Main types of pastry
Pastries go back to the ancient Mediterranean with almost paper-thin, multi-layered baklava and filo. Northern Europe took on pastry-making after the Crusaders brought it back from the Mediterranean. French and Italian Renaissance chefs eventually perfected the puff and choux pastries, while 17th and 18th century chefs brought new recipes to the table. These new pastries included brioche, Napoleons, cream puffs, and éclairs. French chef Antonin Carême reportedly was the first to incorporate art in pastry making.
Chemistry of a pastry
Different kinds of pastries are made by utilizing the natural characteristics of wheat flour and certain fats. When wheat flour is mixed with water and kneaded into plain dough, it develops strands of gluten, which are what make bread tough and elastic. In a typical pastry, however, this toughness is unwanted, so fat or oil is added to slow down the development of gluten. Lard or suet work well because they have a coarse, crystalline structure that is very effective. Using unclarified butter does not work well because of its water content; clarified butter, which is virtually water-free, is better, but shortcrust pastry using only butter may develop an inferior texture. If the fat is melted with hot water or if liquid oil is used, the thin oily layer between the grains offers less of an obstacle to gluten formation and the resulting pastry is tougher.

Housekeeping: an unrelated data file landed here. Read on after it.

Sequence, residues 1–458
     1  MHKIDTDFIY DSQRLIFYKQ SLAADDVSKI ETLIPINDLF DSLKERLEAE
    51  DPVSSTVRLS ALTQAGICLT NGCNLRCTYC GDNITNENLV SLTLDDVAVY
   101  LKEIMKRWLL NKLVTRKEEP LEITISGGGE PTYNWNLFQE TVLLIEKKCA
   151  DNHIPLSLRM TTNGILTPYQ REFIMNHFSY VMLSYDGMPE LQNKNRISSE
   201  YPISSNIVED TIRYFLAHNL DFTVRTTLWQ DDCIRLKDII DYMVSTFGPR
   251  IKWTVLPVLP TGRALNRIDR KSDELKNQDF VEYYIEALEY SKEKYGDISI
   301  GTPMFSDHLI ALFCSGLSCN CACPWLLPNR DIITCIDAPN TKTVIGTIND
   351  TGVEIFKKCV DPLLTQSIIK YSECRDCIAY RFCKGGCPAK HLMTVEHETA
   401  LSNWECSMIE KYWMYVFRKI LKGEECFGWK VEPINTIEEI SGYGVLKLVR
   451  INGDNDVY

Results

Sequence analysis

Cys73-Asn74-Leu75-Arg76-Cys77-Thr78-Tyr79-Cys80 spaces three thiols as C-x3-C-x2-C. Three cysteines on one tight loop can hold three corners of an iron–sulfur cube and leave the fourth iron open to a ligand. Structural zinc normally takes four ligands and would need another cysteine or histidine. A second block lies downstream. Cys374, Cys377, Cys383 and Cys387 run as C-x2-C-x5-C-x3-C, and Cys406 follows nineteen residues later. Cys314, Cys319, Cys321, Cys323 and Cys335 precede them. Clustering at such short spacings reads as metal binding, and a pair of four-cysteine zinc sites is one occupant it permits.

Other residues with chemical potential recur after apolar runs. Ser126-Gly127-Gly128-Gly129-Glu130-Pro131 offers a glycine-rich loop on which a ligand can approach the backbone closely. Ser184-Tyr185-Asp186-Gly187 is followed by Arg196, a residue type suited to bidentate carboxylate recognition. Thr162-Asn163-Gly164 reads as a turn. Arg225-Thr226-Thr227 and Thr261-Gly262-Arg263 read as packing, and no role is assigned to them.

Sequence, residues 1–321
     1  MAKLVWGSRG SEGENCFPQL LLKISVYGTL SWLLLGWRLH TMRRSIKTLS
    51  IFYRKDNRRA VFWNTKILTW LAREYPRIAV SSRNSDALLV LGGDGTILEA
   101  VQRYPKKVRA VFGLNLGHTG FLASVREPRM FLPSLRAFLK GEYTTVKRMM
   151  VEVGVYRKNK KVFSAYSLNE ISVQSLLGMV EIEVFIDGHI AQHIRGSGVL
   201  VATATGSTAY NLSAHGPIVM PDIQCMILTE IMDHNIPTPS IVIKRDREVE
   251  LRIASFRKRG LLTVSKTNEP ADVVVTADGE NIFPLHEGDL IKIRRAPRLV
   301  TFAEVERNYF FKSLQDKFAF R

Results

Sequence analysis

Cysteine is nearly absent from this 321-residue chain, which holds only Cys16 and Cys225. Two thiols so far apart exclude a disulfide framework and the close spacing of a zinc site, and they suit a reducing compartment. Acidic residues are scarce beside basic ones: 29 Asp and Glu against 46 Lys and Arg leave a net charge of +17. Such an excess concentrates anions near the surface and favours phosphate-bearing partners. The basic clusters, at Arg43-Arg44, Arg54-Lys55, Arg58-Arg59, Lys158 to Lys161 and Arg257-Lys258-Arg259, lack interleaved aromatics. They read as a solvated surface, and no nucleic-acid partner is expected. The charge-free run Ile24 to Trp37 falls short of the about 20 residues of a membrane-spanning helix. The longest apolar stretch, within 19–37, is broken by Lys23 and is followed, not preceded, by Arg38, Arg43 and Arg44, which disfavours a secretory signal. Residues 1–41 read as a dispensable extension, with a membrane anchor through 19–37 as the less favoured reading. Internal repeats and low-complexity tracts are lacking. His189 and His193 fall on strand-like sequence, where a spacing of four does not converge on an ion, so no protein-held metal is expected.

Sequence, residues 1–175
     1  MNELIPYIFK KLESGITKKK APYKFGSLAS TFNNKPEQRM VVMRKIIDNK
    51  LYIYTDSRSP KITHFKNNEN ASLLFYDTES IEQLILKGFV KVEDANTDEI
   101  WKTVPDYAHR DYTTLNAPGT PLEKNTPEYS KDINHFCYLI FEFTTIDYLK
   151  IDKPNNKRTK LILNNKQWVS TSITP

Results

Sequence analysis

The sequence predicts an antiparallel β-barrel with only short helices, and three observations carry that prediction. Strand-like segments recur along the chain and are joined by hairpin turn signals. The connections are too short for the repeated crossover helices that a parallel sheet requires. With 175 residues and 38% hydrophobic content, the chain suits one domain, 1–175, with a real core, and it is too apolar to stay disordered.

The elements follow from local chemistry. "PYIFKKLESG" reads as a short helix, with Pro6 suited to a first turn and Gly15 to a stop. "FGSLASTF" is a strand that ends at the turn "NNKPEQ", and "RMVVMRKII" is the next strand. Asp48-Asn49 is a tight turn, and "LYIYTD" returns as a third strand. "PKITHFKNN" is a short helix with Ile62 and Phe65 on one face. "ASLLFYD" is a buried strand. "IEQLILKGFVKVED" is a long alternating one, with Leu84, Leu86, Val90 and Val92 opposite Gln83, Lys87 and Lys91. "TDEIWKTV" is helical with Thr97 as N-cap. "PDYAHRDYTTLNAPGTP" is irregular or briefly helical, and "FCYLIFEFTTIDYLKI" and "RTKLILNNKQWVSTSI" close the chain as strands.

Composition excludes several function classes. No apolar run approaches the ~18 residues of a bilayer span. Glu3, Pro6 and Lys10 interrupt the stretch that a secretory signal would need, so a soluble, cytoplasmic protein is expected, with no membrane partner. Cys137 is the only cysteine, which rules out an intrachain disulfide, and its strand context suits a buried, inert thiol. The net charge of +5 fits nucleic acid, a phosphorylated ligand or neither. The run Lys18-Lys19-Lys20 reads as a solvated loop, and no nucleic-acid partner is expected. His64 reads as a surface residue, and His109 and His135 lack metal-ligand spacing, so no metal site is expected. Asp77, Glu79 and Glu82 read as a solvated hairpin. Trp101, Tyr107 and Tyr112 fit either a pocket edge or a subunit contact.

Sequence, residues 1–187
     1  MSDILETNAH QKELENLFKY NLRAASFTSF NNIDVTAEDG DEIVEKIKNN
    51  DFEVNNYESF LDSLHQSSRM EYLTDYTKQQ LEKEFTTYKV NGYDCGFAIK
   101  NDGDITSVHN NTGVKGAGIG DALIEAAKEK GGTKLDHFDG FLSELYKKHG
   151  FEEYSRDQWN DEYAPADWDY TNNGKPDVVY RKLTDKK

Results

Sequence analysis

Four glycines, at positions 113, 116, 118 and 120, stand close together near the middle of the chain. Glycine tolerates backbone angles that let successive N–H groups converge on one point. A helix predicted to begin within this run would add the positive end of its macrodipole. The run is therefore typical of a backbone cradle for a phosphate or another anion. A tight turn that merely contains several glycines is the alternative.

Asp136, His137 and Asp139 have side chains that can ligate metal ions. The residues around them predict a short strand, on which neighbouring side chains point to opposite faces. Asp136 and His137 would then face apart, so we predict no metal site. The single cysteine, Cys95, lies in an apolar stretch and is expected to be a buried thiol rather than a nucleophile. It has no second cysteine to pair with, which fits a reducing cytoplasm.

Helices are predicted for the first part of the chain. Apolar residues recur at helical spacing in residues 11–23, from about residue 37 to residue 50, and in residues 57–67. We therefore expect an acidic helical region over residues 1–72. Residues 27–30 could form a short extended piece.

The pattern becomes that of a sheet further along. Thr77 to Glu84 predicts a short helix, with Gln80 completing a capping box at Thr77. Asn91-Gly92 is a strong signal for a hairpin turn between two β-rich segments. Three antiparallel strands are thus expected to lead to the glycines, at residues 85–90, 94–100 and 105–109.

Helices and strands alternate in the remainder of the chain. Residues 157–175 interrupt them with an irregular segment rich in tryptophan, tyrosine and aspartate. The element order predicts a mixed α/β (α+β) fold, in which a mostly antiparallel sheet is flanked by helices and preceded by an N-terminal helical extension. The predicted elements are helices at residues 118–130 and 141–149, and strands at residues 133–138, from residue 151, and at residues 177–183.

The European tradition of pastry-making is often traced back to the shortcrust era of flaky doughs that were in use throughout the Mediterranean in ancient times.
In the ancient Mediterranean, the Romans, Greeks and Phoenicians all had filo-style pastries in their culinary traditions. There is also strong evidence that Egyptians produced pastry-like confections. They had professional bakers that surely had the skills to do so, and they also had needed materials like flour, oil, and honey. In the plays of Aristophanes, written in the 5th century BC, there is mention of sweetmeats, including small pastries filled with fruit. The Roman cuisine used flour, oil and water to make pastries that were used to cover meats and fowls during baking in order to keep in the juices, but the pastry was not meant to be eaten. A pastry that was meant to be eaten was a richer pastry that was made into small pastries containing eggs or little birds and that were often served at banquets. Greeks and Roman both struggled in making a good pastry because they used oil in the cooking process, and oil causes the pastry to lose its stiffness.